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The recession long feared for the US economy? “It’s here,” according to at least one economic analyst.
And Donald Trump’s push on Israeli Prime Minister Benjamin Netanyahu to bar two members of Congress from Israel is a direct response, to try to change the subject of the headlines away from the nation’s troubled economy, political analysts and others said.
Moves in the bond and stock markets, as well as other indicators in recent days, and CNN economic analyst Rana Foroohar believes that the recession is here.
“It’s here. And in fact, I said that on Sunday in a column. I’m not sure whether to be happy I’m right or devastated my retirement savings has gone down,” she said.
“The official arbiters of whether we are in a recession or not have not yet decreed anything and they generally don’t until long after something has happened, so I don’t want to get ahead of the keys,” she added. “There are a lot of things that are worrying about the data. I think the things that are most concerning to me are not whether we’ll fall into a recession which eventually we will, the business cycle turns. That’s why it’s a cycle. The real concern is how badly it will be mismanaged. I think that’s part of what markets are freaking out about right now.”
Credit so far for the economy is the only area where Trump gets positive marks from the general American public. So a recession could be a disaster for his re-election chances next year.
To deal with it, Trump is trying to shift blame onto the Federal Reserve, but the Fed has very little room left to help, according to former Treasury Secretary Larry Summers.
“Just look at the way long-term yields are less than short-term yields. Look at the decline in the stock market. Look at what’s happening to the manufacturing sector of our economy. Look at what’s happening abroad. Look at what’s happening to business intentions. These are the kinds of things that tend to precede recessions,” Summers said. “I don’t know whether it’s just above or just below 50/50 that a recession will start in the next year, but that’s the range we’re in. And it’s hard for people to have confidence in the resilience of the economy; hard because interest rates are so low that there’s not much room for the fed to cut them further.”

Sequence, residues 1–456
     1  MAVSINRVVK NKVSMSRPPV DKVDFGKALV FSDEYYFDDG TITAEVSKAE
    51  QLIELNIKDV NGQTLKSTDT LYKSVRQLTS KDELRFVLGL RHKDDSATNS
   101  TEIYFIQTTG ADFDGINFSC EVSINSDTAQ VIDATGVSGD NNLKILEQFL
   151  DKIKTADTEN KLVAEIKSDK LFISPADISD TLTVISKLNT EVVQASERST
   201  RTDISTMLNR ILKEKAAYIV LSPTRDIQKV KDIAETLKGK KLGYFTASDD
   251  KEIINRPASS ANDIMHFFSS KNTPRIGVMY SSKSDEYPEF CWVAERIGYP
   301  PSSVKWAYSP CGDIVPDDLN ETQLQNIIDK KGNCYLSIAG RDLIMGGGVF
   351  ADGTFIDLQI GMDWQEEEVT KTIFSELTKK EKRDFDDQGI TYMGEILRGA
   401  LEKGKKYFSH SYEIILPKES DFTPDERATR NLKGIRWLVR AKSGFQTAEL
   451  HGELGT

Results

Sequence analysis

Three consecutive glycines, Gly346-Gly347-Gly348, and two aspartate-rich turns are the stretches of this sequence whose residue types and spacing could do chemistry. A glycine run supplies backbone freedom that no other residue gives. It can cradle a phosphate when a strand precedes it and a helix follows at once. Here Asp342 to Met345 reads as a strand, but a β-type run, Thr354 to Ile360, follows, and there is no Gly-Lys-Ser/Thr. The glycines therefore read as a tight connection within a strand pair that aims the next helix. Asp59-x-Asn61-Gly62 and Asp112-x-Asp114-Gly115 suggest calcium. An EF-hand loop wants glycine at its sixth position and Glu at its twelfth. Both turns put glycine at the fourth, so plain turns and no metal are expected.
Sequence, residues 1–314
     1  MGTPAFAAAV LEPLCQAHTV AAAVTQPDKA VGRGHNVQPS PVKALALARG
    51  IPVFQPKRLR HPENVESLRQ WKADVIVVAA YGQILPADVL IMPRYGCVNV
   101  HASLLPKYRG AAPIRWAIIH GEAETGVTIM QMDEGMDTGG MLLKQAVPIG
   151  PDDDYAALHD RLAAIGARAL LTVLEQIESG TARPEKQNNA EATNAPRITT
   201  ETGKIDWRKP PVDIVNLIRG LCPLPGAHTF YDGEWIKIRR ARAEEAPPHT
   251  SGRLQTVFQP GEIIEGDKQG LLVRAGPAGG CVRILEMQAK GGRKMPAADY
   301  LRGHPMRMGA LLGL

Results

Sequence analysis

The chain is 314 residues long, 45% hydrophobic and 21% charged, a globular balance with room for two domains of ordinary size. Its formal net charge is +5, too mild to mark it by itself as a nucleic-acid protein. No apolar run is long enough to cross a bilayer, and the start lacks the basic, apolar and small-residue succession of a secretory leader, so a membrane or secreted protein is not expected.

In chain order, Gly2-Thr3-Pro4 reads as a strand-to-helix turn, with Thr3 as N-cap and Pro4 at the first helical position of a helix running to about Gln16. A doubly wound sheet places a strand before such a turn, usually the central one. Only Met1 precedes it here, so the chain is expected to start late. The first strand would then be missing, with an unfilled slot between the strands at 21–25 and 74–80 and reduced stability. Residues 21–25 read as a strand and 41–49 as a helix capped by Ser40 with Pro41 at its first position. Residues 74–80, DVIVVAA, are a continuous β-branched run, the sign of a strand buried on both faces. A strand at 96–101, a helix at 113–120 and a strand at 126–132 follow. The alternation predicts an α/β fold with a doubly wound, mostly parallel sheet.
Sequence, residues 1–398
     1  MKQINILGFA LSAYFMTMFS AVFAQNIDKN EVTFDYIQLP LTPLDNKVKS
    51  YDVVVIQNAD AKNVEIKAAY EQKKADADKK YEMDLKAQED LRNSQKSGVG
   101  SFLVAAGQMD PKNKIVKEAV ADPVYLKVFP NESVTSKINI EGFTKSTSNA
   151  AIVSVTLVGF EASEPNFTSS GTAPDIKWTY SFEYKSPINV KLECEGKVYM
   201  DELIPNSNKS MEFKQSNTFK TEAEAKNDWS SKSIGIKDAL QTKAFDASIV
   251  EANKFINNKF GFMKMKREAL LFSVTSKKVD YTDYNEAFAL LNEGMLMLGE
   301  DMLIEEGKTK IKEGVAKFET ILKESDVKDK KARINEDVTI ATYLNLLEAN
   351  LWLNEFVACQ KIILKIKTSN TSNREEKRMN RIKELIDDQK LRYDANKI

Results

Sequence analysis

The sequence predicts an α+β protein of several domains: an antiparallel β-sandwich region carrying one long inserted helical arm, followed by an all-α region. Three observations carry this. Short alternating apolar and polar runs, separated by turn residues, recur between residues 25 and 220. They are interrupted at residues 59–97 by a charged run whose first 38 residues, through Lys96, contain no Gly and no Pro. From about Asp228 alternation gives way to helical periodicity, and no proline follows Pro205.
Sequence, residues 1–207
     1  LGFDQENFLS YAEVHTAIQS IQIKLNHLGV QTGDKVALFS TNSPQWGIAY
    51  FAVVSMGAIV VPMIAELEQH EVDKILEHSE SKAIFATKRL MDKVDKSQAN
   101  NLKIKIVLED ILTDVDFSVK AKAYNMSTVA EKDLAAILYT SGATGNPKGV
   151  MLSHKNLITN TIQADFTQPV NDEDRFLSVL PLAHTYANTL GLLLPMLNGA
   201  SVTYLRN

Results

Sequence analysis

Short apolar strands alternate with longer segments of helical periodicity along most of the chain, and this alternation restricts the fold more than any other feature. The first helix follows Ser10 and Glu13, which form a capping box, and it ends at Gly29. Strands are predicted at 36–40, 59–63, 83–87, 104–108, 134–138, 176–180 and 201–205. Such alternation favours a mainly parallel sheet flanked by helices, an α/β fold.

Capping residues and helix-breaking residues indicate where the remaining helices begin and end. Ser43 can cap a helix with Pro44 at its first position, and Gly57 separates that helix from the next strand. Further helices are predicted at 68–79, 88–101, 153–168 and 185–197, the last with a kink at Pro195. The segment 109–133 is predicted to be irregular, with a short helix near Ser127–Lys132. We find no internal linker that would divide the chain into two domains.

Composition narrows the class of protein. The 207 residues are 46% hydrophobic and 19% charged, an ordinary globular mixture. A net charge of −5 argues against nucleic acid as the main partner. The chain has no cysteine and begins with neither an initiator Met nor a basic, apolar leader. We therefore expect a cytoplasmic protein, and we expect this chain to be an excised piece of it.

Moreover, Trump late this week tried to change the news altogether by pressuring Netanyahu to bar Democratic Reps. Ilhan Omar of Minnesota and Rashida Tlaib of Michigan from making a planned congressional trip to Israel.
Both are Muslim and have been targets of racist attacks by Trump in recent weeks.
“And folks, if the culture wars is the yin of the president’s re-election strategy, if you want to call it that, the economy is the yang. Which is why it is not lost on a lot of us that the president’s attacks on Omar and Tlaib conveniently came as the economy became the story because it was showing signs of slowing,” said MSNBC host Chuck Todd. “The president is lashing out at the Fed. He’s lashing out at the press after what was a brutal day of headlines involving the health of the economy, particularly due to his policies in China and it potentially imperils one of the most important pitches that he has on the campaign trail.”
Journalist Elise Jordan agreed that an economic crunch would spell political disaster for Trump.
“It’s political suicide. His political strength is premised on the idea that he has maintained and protected and cultivated a strong economy. His supporters and attractors overall agree that the economy has been pretty good the entire time of his presidency, whether it began with [President Barack] Obama, that’s another debate,” she said. “But you talk to voters and they love the economy right now. And that drops off it becomes much harder to excuse away the underlying instating in Donald Trump’s statements. There no longer is the excuse: ‘I’m a Republican who supports Trump because I like the economy.’ That’s a lot harder to say.”